Even It Up is just one of those songs that I love because of how honest it is. There is nothing wrong with a woman going on about wanting a guy to even it up. "I took you down over the tracks when / you wanted some sin / I brought you satin and herbs from / the places I been / Now something tells me you're / going to use me again / You think you can lay down the how and / the where and the when / Even it up, even it up, even it up / Even it up, even it up, even it up / I don't want to bum it all / But this axe she got to fall / Even it / Even it up". Not to mention it's just a really good rock song.

I'm not sure what was going on when they decided to come up with Bebe Le Strange, but wow did they knock it out of the park. This sounds like one of those sixties French Girl Pop songs played through a stack of Marshalls. Just fantasticly done, and I can't get over it.

Tell It Like It Is is a song written by George Davis and Lee Diamond and originally recorded by Aaron Neville, as a single in 1966. I think Heart should have left it back there. It's like listening to the Guns N' Roses version of Since You've Been Gone.

There's a very heavy doowoop kind of feel to This Man Is Mine. I like it, like I like most songs that have the Golden Oldies Motown kind of feel. This one always makes me think of Cher's Shoop Shoop song. Not the type of stuff I typically care for, but that doesn't mean it's bad either.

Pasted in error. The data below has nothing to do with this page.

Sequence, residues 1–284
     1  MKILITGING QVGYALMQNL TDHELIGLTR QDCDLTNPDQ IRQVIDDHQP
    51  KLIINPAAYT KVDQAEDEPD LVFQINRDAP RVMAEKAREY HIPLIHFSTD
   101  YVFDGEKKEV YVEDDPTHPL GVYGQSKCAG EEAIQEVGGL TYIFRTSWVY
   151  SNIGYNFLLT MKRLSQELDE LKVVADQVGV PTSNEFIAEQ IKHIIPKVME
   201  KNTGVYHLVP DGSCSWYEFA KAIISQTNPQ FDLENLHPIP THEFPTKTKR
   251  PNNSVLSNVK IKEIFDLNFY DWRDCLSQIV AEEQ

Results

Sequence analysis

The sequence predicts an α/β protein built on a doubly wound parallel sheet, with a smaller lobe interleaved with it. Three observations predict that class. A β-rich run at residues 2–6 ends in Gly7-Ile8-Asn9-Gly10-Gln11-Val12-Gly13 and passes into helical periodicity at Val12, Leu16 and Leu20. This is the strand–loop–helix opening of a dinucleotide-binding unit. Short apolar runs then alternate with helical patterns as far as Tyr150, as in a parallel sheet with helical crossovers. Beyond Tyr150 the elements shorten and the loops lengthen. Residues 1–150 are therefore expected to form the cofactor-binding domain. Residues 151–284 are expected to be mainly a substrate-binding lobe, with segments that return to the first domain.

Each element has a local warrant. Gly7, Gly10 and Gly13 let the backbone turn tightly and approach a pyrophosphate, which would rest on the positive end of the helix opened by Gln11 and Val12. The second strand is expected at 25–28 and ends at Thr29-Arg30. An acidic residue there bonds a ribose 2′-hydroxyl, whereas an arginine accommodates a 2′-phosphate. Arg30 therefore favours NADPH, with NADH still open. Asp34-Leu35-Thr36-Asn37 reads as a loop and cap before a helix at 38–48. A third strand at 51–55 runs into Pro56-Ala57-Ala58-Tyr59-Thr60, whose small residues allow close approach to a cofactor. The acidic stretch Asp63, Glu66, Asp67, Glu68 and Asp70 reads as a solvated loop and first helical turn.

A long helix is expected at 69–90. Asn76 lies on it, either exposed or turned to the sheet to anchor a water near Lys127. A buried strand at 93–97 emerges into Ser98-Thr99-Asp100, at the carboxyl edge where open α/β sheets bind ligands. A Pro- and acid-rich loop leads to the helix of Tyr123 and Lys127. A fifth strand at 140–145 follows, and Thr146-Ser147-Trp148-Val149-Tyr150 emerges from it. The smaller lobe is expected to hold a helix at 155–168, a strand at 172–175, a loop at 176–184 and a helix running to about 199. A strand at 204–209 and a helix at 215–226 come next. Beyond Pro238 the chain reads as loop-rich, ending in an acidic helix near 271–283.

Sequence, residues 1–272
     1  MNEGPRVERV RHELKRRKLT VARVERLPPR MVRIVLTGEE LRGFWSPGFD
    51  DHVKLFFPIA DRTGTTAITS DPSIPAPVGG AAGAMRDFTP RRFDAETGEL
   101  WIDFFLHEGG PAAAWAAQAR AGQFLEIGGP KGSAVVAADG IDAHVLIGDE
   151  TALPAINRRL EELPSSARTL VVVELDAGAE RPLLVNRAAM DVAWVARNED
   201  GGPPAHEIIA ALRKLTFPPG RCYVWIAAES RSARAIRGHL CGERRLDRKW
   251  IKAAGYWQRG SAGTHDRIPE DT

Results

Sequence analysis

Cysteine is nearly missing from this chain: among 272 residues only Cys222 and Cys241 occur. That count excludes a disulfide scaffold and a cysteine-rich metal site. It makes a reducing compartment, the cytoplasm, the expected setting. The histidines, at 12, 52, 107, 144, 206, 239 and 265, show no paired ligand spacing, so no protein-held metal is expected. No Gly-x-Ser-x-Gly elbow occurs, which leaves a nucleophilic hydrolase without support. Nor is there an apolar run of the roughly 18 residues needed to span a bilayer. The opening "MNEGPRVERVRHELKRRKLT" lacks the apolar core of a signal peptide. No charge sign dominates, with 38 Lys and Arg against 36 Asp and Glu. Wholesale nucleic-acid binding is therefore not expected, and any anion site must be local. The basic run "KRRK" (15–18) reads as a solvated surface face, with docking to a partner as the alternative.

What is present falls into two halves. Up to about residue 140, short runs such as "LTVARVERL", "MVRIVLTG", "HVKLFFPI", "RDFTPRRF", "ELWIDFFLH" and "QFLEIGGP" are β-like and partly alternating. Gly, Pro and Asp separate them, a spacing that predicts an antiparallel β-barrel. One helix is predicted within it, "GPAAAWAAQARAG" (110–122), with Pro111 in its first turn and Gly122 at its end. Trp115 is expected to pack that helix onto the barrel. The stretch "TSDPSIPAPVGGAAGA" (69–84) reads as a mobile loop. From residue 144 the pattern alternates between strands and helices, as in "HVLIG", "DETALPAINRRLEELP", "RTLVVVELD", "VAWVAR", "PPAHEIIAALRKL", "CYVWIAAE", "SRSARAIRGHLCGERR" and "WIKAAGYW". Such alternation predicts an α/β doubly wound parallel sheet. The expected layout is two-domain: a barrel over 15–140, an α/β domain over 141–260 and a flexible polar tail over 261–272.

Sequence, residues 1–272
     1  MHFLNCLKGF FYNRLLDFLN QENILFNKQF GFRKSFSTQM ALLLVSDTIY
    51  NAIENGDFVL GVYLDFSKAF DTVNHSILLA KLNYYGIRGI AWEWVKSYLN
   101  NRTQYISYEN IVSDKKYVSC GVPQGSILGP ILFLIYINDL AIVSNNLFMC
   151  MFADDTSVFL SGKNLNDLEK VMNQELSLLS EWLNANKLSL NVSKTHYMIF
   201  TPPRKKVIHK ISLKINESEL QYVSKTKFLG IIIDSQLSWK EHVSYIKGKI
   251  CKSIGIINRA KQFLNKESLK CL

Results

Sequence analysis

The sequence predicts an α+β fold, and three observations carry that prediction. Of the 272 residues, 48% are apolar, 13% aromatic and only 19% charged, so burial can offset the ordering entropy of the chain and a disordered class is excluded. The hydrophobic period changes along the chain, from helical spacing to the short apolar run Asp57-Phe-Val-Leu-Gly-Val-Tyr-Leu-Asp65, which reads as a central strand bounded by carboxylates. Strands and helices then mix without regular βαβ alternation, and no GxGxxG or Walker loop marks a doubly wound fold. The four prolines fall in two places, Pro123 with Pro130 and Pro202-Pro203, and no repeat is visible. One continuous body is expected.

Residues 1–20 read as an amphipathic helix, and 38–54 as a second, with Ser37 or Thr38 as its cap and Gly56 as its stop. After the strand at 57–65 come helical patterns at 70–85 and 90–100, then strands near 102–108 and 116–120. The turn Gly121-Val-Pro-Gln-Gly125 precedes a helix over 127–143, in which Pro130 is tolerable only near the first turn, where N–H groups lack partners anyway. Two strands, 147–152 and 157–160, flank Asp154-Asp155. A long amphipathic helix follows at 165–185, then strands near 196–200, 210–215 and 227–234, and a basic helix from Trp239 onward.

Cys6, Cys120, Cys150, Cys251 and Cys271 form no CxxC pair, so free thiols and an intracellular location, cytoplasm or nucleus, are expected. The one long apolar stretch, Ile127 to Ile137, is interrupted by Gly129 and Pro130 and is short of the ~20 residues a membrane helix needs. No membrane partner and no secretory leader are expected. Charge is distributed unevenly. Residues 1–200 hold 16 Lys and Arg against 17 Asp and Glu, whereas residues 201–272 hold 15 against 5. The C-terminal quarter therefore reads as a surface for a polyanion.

How Can I Refuse is clearly an 80's song. I find it interesting that this song was released in 1983. I would say this track was actually a few years ahead of itself. The sound of the production on this song has a very DDD quality to it. If you come from the early days of CDs, you know that means that it was done completely digital, from recording to production. The first time I ever remember hearing that production sound was on Alice Cooper's Raise Your Hands And Yell and that was 1987.

The album finishes with a cover of Led Zeppelin's Rock And Roll (Live). One listen to this song, and you'll totally understand why I keep making references to Heart being the American version of Led Zeppelin. I'm sure there are Zep fans out there that are currently thinking that I have no clue what I'm talking about, but those are the same neandrathalls that still think Heart is a chick band.

By the end of my very first listen of this CD I considered myself a Heart fan. This album is very much a gateway drug, that will lead to the wanting of other more pure versions of Heart songs.

9/10 - content

9/10 - production

8/10 - personal bias